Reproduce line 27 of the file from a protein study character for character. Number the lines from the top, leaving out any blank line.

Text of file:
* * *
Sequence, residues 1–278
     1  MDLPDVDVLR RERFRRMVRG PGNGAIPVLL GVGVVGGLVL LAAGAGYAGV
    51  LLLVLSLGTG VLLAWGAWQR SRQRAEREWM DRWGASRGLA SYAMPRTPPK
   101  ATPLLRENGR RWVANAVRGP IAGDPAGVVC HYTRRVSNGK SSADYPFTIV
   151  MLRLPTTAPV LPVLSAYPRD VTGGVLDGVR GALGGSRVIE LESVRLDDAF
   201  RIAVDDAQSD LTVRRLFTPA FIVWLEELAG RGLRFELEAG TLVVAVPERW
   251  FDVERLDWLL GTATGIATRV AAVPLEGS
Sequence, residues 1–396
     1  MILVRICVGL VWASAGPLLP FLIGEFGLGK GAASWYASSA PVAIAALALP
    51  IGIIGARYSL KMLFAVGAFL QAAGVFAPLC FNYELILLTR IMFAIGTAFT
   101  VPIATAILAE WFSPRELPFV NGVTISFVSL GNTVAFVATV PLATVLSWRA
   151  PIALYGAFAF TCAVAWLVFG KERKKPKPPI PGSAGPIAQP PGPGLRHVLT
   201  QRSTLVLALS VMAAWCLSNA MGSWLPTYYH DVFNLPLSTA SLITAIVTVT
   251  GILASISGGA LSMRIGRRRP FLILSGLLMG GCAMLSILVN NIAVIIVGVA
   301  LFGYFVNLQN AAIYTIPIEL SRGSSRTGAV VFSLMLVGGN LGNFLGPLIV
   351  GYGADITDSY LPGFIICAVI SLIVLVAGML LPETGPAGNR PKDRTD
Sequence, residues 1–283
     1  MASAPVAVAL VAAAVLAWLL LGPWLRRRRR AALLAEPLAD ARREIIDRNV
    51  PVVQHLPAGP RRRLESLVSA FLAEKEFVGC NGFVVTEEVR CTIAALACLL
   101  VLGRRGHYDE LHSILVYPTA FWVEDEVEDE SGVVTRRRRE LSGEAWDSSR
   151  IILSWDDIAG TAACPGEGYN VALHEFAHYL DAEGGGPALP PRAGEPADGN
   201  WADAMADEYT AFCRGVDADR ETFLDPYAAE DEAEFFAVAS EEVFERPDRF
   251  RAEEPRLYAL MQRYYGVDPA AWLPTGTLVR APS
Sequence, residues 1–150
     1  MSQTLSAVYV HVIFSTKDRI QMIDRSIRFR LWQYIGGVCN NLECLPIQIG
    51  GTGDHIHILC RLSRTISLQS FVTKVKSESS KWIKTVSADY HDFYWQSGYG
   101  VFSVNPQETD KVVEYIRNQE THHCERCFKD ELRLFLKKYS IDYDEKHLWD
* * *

   101  VFSVNPQETD KVVEYIRNQE THHCERCFKD ELRLFLKKYS IDYDEKHLWD